Implementation is not just a technical issue. Governance, sequencing and coordinating activities are all vital for success. Banks need to lay a foundation where legacy systems are ringfenced, but it is equally important for them to understand how to move rich data through or around legacy infrastructure as early as possible.
Deciding what to do with legacy systems is a challenge for many financial institutions. Therefore it can be useful to deploy mapping or translation services in the early stages of adoption. In fact, many market infrastructure ISO 20022 programs include a phased approach where there is a like-for-like phase (where no new functionality is used), allowing adopters to become familiar with the new standard.
This is often followed by multi-year adoption of new functionality and gradual decommissioning of legacy formats. However, mapping should not be viewed as a longer-term solution. To harness the full value of ISO 20022, supporting the standardisation natively allows banks to build from the ground up. This creates a modern data model where both internal efficiency and external value can be realised.
ISO 20022 is the way to deliver added value
One of the major drivers for ISO 20022 adoption is to remain competitive. By implementing a common standard banks can have a platform to innovate at pace and with lower costs.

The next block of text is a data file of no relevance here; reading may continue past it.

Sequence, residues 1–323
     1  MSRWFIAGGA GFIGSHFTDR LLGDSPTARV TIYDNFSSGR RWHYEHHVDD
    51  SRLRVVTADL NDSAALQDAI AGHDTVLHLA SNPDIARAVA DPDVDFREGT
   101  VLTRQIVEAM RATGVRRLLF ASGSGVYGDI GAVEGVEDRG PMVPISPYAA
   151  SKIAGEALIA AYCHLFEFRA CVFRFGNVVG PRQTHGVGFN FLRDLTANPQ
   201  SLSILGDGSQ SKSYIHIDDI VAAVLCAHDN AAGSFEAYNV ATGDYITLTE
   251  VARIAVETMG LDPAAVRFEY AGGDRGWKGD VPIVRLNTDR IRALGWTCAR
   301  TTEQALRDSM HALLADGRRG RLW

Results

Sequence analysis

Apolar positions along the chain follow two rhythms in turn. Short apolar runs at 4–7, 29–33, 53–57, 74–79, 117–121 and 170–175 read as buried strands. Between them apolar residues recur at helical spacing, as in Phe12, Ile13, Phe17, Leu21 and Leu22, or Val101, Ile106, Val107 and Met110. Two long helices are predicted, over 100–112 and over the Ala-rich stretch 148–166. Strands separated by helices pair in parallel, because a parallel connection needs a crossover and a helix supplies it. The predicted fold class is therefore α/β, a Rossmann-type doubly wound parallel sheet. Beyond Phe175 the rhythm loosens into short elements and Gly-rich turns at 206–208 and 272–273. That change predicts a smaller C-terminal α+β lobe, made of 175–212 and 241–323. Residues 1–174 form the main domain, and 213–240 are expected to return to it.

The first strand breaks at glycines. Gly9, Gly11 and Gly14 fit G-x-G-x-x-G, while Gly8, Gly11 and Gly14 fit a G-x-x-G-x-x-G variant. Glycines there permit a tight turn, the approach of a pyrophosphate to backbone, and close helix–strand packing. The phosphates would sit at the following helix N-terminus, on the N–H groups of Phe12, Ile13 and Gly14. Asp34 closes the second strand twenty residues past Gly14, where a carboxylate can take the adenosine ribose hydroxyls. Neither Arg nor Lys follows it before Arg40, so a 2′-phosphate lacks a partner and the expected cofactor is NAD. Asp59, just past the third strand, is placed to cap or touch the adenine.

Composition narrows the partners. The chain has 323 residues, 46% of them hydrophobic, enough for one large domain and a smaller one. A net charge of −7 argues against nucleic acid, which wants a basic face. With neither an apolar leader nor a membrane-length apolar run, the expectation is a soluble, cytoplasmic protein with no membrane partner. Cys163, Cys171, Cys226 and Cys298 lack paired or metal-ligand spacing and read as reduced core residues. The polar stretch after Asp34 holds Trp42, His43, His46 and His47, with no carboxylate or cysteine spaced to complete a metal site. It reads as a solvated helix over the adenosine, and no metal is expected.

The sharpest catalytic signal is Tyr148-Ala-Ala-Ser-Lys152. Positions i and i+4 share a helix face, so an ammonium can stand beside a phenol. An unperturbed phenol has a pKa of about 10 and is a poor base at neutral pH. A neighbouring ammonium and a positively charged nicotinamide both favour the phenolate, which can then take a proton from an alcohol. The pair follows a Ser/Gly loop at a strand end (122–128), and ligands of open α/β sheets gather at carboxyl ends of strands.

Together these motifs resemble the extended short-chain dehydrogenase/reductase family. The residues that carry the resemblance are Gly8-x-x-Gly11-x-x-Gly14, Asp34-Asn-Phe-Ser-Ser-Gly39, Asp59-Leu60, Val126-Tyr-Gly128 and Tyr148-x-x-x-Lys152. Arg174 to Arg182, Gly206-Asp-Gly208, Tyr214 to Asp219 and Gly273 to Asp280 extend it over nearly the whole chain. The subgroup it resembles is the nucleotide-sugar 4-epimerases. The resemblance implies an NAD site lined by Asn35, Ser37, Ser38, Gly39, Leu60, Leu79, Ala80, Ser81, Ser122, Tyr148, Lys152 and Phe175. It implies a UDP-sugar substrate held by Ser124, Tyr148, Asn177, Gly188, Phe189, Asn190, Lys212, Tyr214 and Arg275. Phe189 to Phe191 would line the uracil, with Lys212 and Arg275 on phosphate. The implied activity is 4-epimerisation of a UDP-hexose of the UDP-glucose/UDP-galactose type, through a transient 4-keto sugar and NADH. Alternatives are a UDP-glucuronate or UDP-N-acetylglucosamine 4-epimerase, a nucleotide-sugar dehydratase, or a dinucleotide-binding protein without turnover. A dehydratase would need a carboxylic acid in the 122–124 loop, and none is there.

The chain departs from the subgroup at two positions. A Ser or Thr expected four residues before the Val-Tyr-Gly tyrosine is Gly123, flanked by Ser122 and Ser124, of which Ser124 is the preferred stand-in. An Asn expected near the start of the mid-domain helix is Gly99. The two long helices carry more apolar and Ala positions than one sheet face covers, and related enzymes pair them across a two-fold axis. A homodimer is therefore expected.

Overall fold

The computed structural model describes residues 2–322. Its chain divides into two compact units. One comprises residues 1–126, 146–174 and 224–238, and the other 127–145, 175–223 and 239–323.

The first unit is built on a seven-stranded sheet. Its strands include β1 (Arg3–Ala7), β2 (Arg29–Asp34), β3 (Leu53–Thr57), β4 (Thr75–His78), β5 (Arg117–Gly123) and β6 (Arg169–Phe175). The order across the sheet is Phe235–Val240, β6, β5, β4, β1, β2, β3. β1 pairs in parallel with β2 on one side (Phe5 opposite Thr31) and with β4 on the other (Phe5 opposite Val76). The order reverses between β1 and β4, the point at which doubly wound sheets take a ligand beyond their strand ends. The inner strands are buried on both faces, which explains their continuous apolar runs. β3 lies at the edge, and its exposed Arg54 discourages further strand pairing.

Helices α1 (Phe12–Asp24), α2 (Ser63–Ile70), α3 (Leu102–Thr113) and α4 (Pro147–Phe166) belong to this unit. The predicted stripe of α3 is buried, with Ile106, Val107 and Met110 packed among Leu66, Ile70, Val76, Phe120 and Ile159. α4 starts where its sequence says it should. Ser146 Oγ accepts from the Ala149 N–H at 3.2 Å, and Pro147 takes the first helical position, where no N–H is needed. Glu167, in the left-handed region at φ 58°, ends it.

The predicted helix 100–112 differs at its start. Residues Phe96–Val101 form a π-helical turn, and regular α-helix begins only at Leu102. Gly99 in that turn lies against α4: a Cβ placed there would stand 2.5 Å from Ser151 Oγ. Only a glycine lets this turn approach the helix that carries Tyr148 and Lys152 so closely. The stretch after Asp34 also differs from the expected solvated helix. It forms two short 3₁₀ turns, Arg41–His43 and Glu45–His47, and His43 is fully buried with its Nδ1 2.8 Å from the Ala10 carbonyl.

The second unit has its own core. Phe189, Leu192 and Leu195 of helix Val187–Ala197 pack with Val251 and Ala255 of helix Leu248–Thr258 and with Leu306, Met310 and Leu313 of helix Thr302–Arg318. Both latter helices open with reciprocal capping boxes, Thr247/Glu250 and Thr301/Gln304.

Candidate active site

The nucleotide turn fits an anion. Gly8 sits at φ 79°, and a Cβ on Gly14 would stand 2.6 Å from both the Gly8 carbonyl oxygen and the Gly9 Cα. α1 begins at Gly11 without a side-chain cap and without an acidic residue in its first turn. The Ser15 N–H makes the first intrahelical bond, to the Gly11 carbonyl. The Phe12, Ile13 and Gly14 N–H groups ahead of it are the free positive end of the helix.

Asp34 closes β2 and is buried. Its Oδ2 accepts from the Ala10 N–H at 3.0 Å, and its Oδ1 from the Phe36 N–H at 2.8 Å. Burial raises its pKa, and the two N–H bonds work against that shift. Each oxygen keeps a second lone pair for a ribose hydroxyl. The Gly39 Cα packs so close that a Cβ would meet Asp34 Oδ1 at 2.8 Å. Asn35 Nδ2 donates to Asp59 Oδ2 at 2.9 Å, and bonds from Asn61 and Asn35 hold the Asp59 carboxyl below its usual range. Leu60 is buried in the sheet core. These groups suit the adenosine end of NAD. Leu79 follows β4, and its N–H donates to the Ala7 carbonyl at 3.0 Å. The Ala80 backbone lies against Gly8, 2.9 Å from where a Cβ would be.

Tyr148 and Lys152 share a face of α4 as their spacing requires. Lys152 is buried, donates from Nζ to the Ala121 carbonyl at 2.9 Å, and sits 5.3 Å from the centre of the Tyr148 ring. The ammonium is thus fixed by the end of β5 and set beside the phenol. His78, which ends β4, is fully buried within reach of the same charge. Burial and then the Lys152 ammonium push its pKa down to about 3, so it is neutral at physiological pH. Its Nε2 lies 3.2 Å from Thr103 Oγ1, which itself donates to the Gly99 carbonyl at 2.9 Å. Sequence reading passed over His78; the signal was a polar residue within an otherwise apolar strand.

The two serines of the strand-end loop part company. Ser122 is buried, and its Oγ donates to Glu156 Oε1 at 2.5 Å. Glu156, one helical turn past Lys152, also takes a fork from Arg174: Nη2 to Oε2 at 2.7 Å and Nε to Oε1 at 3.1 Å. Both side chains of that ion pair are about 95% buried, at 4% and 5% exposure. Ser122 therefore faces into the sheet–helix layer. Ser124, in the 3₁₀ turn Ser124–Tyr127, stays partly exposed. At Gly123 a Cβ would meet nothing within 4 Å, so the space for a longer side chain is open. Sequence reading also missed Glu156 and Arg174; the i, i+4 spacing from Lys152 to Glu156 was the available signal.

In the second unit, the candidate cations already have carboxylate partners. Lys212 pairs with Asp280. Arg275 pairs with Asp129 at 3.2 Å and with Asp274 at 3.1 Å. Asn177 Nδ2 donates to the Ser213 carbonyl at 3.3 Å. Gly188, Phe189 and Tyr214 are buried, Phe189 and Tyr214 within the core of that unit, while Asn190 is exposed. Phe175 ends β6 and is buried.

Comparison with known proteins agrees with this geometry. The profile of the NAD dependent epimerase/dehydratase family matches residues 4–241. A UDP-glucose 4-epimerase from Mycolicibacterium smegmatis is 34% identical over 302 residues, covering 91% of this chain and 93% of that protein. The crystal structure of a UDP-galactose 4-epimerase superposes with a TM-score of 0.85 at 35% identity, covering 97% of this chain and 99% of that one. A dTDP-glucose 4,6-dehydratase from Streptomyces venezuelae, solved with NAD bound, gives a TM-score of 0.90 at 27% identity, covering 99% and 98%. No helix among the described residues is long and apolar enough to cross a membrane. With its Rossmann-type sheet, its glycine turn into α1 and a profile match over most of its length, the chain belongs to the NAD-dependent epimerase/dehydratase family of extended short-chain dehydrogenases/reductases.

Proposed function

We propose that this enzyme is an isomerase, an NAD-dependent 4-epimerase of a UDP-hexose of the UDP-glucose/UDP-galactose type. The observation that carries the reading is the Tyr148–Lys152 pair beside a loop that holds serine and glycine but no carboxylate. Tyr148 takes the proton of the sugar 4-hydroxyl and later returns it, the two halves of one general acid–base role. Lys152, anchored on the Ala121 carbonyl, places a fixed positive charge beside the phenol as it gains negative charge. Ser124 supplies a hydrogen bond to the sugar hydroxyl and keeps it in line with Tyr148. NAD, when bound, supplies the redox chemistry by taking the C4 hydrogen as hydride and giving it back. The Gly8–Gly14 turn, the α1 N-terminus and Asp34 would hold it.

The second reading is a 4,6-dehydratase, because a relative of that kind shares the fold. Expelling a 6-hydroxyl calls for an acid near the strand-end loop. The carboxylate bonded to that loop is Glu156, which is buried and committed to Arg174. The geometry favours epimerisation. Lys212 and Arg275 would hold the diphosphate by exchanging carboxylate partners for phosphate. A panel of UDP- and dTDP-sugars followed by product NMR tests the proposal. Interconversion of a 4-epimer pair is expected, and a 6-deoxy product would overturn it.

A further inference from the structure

Many banks now see ISO 20022 as a critical foundational element to deliver value to their corporate clients. But the benefits of ISO 20022 are not solely external. Increasingly, APIs are being used to support both deep integration within the bank and with a broad spectrum of fintech partners. ISO 20022 allows the capability of having a single data model across various computer languages and therefore across multiple use cases.
With a shift towards data-driven architecture, ISO 20022 allows banks to generate greater amounts of standardised data to provide targeted insight. The move to ISO 20022 will therefore be of paramount importance for banks to take advantage of richer, standardised data sets. With more payment volumes set to adopt ISO 20022 by 2025, the discussion is moving on from the standard simply serving transactional needs to the data that can be extracted from these transactions.
Prioritising payments transformation
In other words, over the next few years we will see payments being refocused from a commoditised proposition to a strategic, value-adding one. Yet being “data-aware” is not good enough. Banks need to be powered by that data. As cutting costs is no longer enough to sustain banks, they must use payments data to deliver more appealing propositions and revenue-boosting, value-added services.
As the adoption of ISO 20022 remains fragmented in the US for the time being, many banks will continue to question how best to take advantage of the standard. However, it should be evident that ISO 20022 is coming and the time to prepare is now.